Above is a controversial statue of a giant mermaid on Kollam beach, Kerala.
[Pictures of the, sea gypsies: The Salon People of Myanmar, (Burma) showing the boats they use and the houses they build on stilts out of the shallows. Picture from Shan Yoma Travel & Tours Co.Ltd.
[Picture shows the sea gypsy women foraging for food at low tide. From Shan Yoma Travel & Tours Co.Ltd.]
[Mayo Mermaids by Irish songwriter and painter Percy French 1854 - 1920
The painting had a reputation for being risqué at the time, (late 19th century), which is interesting. Painting of nude women was acceptable at the time, and they are not very clearly seen in the picture. So in theory this shouldn’t be a problem. So perhaps the subject matter of nude women still foraging in the ocean was a taboo subject at the time, and it was this that made it risqué. ]
Then in the 1920s the Russian authorities began to use modern diving gear and motorboats equipped with dredges. Needless to say when they adopted modern equipment, the scallpops became over fished and fishing of them in the area was banned in 1960. It was for this reason that the more sensible Koreans and Japanese banned the use of modern scuba gear for shell diving to make sure the local waters were not over fished in the same way.
[19th century photograph of a group of Yamana women. Photo courtesy of the Martin Gusinde Museum, Puerto Williams, made available on the web site . Unfortunately none of the Yamana look very happy in these photographs, but that might be to do with the relationship between the missionaries, who took these photos, and the Yamana. It seems that the Yamana didn’t like the missionaries who were trying to ‘civilize’ them. The unhappy expression on the faces of these photographs must have suited the missionaries, as it helps justify their efforts to interfere in their lives. Whereas photographs of happy smiling natives would of caused some people to question the morality of forcing change onto them. Many missionaries did genuinely believe that they were ‘helping’ the people they were trying to convert, but to do so they had to disparage their way of life and claim that they would live better lives as ‘good Christians”. The problem is that the derogatory comments on the lives of the Yamana or the Native Tasmanians, also helps justifies the actions of the those who want to commit genocide and wipe them out completely.]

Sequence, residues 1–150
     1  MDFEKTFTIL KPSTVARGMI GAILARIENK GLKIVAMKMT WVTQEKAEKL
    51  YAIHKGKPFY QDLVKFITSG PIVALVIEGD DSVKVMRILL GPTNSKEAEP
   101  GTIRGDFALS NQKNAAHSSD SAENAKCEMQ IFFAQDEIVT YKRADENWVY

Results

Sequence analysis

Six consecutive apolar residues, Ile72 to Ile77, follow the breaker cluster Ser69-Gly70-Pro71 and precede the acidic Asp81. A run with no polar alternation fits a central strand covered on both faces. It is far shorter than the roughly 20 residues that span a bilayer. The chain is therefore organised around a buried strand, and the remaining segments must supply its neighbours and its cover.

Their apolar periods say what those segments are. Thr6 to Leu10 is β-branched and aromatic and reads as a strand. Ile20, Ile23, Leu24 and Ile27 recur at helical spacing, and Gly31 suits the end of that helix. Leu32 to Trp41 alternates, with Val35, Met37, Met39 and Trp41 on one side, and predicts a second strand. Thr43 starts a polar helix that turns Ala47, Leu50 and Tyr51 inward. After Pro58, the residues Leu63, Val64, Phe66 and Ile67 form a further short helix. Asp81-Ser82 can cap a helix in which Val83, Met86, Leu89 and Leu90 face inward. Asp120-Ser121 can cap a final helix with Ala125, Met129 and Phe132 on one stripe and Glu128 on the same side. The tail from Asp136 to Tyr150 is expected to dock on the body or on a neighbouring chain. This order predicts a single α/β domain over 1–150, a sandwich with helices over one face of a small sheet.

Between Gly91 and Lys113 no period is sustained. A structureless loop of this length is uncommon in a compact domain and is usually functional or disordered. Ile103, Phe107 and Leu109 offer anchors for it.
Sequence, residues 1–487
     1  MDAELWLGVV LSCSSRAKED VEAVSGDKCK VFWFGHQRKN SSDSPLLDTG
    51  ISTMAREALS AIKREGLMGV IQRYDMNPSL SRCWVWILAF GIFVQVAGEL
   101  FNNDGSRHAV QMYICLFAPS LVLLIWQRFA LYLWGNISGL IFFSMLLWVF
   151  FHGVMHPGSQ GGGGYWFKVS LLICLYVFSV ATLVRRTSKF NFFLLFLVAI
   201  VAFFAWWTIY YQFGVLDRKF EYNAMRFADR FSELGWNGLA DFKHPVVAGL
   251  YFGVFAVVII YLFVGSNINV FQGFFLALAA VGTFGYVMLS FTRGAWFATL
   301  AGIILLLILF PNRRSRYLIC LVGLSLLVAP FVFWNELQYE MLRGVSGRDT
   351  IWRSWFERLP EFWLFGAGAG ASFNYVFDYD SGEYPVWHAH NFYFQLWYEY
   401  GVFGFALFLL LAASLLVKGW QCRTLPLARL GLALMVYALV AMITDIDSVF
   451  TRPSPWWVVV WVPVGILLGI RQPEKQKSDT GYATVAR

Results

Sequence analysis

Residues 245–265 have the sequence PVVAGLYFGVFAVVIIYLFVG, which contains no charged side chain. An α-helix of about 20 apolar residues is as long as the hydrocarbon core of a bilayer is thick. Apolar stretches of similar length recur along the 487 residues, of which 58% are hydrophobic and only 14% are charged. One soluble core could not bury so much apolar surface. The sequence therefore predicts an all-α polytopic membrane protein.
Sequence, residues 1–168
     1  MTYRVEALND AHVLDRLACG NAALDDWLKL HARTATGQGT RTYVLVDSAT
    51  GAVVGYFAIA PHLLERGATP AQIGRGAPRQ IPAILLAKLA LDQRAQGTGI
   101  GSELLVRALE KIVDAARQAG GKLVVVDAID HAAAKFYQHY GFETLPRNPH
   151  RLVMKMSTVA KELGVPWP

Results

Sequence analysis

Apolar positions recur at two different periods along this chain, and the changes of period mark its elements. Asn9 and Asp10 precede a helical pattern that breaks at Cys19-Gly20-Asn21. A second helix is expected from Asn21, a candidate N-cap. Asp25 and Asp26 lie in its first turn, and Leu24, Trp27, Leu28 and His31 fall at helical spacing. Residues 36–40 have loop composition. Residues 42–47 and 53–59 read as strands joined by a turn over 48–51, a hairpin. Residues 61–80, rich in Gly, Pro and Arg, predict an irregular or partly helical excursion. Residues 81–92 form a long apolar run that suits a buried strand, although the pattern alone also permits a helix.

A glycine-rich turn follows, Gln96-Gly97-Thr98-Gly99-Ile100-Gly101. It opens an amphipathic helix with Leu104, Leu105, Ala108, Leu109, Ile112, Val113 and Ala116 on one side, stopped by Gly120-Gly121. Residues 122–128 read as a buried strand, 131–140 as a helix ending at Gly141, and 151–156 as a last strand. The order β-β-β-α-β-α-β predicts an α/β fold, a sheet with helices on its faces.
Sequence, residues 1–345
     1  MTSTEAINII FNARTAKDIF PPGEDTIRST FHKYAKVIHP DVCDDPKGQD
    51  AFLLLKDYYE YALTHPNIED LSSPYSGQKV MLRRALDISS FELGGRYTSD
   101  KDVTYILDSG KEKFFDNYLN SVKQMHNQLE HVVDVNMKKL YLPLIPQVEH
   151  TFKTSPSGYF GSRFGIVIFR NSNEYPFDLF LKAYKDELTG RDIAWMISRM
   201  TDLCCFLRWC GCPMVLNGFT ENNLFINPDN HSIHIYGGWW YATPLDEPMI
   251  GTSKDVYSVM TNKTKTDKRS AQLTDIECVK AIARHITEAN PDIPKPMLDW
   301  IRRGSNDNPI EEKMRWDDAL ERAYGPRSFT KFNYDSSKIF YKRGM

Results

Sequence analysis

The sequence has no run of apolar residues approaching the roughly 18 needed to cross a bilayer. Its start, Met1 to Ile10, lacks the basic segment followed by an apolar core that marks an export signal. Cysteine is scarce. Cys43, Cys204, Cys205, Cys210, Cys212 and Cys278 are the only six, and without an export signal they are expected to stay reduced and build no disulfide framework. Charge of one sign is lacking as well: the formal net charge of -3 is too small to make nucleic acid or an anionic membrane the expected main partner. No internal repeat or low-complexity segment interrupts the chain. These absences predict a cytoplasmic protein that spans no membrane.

[19th century photograph of a group of two young Yamana women. Photograph from the book, The Land of Magellan, by William S.Barclay.]
[19th century photograph of a Yamana mother and her children, who clearly didn’t like the photographer, or were suspicious or frightened of him. Photograph from web site. ]
[Yagan family in canoes. Photo taken by French Scientific Expedition, 1882. From web site .]
[19th century photograph of a Yamana mother and her child outside one of the shelters the Yamana used. As they were always on the move they didn’t have permanent houses but temporary shelter they could make within an hour. Photograph taken by French Scientific Expedition, 1882. From web site ]
[Alakaluf women in canoe, photograph taken in 1907 in a place called Cutter Cove. From web site.]
[Photograph of the Bijago people wading from one island to another, taken from the web-site. -http://www.celebrityphotoz.com/Paris_Hilton/biography.html?title=Guinea-Bissau#Matriarchy
Photograph of modern ama diver in her wet clammy cotton coverall, showing the photographer the shellfish she has collected from the sea.]